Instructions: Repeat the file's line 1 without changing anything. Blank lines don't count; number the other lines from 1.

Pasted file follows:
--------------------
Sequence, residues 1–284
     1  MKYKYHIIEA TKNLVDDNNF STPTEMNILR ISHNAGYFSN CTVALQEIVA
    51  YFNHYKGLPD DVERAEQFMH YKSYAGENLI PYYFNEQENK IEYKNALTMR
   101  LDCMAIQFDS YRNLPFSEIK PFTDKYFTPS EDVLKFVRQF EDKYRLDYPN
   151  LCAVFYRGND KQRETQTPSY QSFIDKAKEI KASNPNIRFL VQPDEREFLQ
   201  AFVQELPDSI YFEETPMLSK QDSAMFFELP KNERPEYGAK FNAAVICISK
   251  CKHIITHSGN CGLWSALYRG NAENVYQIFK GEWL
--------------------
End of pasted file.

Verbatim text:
Sequence, residues 1–284